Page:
How Could an Attorney Beneﬁt from Psychotherapy?
Attorneys often must confront intensely negative and unsupportive environments. Whether from opposing counsel or even from colleagues, with whom they work, attorneys are often called upon to engage in conﬂict. The process of defending or attacking—not just in law, but in any realm–can create or give life once again to long-standing personal struggles within the individual. The conﬂicts often feel familiar to the individual, except that new actors are involved. Like in any battle, fatigue sets in. Effective psychotherapy can help to eliminate or shorten the battles. In this way, it can also assist the attorney to develop greater resiliency to “battle fatigue.”
The intensely competitive nature of the legal profession can bring about a generalized state of anxiety or suspiciousness. The practice of law requires an extraordinarily high level of attention to detail. The process of attending at such a level can contribute to feelings of fatigue. It can also be difﬁcult to calibrate the level of attentiveness to detail, depending upon the setting. This sometimes plays a role in the difﬁculties some lawyers confront in their relations with friends and loved ones.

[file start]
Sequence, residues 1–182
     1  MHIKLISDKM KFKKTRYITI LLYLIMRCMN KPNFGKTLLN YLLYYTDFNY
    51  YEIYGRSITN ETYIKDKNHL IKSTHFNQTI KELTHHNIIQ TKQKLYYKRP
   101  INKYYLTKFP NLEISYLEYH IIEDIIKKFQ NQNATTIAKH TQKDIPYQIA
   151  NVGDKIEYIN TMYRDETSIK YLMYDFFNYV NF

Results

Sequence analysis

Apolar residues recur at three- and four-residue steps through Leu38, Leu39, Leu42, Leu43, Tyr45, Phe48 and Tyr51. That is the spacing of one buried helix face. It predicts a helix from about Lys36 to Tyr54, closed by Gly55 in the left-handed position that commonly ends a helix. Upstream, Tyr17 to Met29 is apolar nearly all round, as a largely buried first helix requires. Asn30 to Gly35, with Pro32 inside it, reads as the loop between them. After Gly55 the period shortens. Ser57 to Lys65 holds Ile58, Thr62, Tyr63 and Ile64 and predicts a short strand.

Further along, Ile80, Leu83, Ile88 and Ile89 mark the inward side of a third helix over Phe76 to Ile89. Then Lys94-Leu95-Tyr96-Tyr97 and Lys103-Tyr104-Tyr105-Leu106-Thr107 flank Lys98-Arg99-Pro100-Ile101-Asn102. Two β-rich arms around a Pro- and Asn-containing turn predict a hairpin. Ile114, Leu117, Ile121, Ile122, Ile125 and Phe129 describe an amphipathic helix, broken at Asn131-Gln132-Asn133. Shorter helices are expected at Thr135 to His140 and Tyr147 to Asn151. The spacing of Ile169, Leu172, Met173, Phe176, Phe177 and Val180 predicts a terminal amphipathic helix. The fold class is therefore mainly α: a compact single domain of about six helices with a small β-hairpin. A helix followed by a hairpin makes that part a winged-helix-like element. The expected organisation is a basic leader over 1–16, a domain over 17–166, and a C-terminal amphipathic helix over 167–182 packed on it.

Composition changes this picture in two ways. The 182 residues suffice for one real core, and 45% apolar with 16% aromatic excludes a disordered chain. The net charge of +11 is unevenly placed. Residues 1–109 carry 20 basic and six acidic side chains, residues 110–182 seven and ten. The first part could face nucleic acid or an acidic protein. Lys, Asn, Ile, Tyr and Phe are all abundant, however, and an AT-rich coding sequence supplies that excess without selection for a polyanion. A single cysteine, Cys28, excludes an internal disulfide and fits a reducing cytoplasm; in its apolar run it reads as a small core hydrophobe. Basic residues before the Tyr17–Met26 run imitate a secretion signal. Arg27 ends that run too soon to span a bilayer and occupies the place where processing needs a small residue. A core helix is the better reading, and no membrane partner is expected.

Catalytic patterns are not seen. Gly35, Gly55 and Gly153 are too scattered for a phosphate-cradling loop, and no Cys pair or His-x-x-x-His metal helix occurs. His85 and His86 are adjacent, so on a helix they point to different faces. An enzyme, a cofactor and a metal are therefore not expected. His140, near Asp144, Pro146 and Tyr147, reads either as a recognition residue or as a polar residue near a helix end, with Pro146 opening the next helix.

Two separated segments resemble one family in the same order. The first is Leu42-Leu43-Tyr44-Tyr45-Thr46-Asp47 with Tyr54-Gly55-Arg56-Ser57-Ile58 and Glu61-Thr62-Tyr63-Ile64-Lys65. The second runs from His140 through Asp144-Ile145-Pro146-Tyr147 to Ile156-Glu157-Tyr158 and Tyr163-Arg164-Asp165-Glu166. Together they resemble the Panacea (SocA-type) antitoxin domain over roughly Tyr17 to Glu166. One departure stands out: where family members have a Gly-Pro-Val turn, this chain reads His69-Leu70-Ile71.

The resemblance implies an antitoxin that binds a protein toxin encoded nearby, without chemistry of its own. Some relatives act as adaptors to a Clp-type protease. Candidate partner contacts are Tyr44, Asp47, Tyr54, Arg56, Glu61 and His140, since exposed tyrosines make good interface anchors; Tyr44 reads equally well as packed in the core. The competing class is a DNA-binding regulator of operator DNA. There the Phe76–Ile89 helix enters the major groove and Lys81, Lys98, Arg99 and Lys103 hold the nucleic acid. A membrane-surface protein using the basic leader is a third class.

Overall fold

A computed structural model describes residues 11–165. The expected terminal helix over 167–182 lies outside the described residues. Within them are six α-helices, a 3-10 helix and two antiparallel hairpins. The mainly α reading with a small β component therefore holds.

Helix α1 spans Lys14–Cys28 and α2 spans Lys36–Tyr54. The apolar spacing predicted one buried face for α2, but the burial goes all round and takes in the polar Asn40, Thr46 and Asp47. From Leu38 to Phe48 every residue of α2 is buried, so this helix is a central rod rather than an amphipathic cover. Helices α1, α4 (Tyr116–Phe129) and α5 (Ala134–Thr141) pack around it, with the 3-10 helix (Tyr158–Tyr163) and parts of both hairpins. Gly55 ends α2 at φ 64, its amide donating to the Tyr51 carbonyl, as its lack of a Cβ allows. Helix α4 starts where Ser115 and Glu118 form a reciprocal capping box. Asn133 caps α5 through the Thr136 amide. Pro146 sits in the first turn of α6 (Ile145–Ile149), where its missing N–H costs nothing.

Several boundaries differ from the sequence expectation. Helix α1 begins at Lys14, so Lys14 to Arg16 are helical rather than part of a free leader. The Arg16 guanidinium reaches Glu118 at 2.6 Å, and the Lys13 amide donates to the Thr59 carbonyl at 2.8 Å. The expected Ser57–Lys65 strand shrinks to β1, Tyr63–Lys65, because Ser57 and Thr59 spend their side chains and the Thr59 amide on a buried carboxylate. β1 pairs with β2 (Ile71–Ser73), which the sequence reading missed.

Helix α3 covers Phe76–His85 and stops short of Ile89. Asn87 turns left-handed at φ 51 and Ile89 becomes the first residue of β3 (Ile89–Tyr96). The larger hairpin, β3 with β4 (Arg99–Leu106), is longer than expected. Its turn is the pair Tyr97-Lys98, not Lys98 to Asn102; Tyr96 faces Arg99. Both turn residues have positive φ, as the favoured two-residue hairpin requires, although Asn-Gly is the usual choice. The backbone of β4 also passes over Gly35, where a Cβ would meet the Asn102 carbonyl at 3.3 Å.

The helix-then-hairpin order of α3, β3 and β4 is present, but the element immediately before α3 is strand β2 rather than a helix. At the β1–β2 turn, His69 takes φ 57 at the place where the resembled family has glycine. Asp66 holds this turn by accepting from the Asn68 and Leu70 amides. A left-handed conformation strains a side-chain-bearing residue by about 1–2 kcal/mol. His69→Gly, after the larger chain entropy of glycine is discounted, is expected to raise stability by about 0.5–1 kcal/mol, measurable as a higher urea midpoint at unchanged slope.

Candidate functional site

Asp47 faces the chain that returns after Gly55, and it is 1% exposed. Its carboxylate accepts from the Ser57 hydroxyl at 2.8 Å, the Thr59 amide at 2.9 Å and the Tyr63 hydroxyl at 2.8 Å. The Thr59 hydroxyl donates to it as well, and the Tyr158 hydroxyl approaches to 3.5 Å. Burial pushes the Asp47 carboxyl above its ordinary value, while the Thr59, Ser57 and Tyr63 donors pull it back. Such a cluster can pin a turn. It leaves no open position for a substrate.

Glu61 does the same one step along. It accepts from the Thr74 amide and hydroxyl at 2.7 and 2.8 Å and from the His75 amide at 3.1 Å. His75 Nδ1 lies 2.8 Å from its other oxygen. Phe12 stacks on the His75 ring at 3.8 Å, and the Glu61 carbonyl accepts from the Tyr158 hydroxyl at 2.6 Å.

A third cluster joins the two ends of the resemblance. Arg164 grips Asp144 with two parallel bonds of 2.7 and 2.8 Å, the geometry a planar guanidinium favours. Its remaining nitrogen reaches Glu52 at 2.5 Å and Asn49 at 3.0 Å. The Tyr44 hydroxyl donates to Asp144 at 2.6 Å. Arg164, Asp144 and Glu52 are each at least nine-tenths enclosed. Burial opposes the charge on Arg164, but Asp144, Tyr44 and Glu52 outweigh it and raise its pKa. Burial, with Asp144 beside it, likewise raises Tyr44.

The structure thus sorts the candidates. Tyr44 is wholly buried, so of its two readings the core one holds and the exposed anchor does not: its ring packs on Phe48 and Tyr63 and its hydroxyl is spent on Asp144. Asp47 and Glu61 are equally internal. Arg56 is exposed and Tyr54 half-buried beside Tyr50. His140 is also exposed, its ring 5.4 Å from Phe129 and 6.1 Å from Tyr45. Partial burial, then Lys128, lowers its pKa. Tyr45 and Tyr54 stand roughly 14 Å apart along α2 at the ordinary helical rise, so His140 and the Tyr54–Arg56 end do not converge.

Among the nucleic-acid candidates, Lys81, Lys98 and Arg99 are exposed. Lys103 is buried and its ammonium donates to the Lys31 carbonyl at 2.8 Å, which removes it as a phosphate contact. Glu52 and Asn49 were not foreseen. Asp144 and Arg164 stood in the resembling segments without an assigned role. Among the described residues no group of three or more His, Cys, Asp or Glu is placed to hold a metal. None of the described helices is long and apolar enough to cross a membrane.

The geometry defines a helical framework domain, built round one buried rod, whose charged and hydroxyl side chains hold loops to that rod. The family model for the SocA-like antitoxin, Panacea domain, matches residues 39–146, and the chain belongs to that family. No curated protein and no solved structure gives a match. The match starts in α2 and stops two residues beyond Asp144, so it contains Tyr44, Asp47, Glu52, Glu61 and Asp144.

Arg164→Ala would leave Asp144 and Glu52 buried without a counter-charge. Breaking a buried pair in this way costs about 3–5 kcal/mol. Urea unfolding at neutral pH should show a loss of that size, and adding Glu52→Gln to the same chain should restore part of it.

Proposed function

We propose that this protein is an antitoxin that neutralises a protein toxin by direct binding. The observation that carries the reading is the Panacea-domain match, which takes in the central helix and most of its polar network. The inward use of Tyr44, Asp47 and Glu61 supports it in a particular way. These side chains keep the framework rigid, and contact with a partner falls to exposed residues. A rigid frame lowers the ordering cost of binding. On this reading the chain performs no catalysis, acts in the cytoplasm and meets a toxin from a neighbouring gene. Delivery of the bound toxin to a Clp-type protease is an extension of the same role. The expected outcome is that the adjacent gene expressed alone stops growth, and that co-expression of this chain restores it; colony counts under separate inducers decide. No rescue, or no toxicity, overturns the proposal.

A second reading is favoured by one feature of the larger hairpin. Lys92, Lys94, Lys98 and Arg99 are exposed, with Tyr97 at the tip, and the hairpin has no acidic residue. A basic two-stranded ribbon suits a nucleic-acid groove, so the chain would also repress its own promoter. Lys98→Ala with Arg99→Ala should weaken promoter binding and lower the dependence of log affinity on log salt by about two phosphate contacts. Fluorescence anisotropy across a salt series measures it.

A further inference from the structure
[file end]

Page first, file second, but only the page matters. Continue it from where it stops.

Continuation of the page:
Many lawyers are surprised to discover that professional success often does not protect the individual from the internal impact the battles can have. Some lawyers compete very effectively in the professional realm, but they often ﬁnd themselves in an existential struggle. Sometimes this leads the lawyer to question his/her role in society. Attorneys tend to be highly principled individuals, people who have a desire to defend a system that endeavors to establish ends that are right and just. Over time, some attorneys question whether they are still doing that.
Attorneys who engage in effective psychotherapy, ﬁnd ways to alter their thoughts, feelings and behaviors. They ﬁnd new ways to engage in their work with the same high expectations and ﬁnancial and professional goals, but that do not require that they lose respect for themselves or for others. This enables them to leave more of their tangible and intangible “work” at the ofﬁce. They also can develop the ability to feel less of a need to react with anger. This frees the mind to ﬁnd more constructive, efﬁcient and effective approaches in both the professional and personal realms. Finally, both of these achievements lead the attorney to have more healthy and prosperous professional and personal relationships.